Program leader: Richard Lee, M.D., Professor of Stem Cell and Regenerative Biology at Harvard University, Professor of Medicine, Brigham and Women's Hospital
The main goal of the HSCI Cardiovascular Program is to generate new human heart cells to replace damaged heart tissue.
The heart was long assumed to have little ability to regenerate on its own. In recent years, many research groups, including several in HSCI, have developed approaches to generating new human heart cells. Our challenge is to develop practical ways to harness this ability to create new human heart cells and turn it into an effective therapy for patients.
HSCI researchers in the Cardiovascular Disease Program investigate the following questions:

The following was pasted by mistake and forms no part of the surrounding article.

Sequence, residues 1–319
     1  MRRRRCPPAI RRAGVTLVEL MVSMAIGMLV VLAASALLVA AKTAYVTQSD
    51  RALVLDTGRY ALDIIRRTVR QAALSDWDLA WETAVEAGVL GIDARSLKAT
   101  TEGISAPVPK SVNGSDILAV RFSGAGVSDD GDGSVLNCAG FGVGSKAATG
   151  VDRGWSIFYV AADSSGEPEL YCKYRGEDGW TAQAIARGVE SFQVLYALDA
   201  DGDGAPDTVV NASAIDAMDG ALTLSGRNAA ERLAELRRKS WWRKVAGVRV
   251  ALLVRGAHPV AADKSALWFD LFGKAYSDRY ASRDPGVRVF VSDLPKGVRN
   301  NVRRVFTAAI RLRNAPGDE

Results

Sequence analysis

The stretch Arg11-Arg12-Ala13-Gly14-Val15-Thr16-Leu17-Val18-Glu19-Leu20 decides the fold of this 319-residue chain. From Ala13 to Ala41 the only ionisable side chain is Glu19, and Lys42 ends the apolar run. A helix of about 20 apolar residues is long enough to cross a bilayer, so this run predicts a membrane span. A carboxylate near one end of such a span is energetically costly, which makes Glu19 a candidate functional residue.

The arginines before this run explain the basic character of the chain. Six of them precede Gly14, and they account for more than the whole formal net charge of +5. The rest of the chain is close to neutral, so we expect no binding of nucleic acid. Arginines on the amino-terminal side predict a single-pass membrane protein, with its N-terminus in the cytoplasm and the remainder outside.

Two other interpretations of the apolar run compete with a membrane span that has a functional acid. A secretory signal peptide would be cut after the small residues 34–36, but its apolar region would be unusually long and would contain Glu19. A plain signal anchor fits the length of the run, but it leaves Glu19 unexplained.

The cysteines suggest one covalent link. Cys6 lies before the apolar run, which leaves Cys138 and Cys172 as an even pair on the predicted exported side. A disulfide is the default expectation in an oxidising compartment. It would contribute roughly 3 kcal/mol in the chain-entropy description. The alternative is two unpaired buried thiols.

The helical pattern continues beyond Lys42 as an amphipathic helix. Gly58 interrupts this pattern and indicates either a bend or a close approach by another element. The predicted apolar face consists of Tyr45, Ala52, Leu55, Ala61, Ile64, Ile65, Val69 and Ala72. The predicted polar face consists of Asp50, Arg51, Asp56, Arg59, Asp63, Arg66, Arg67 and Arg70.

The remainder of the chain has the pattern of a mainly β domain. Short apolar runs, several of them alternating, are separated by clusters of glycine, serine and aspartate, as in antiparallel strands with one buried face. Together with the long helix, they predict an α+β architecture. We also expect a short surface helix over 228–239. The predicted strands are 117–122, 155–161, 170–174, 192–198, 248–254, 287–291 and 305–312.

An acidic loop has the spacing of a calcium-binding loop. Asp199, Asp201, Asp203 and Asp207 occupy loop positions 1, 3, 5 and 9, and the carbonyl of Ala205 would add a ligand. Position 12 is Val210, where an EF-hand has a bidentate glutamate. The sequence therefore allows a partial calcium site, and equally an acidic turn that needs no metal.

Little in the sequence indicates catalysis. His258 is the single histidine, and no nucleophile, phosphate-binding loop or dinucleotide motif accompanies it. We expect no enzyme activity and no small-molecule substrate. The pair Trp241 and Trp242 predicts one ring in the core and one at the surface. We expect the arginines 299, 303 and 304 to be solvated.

- How can we generate mature heart cells to treat patients?
- Why can some organisms regenerate their hearts, but others—like human—cannot regenerate heart tissue?
- What is the best approach to delivering new heart cells to patients with heart failure?
What we have achieved so far
HSCI researchers in the Cardiovascular Program have:
- Discovered GDF-11, a blood-born factor in young mice that can reverse some features of heart aging.
- Purified a master stem cell, and applied it to an engineered, thin-film cardiac strip for both transplantation and testing purposes.
- Created disease-specific cell lines with iPS cells from patients with different cardiac conditions to study the diseases and search for new treatments.
- Developed a new method for studying birth of cells in humans.
- Showed that exercise has a rejuvenating effect on heart tissue.
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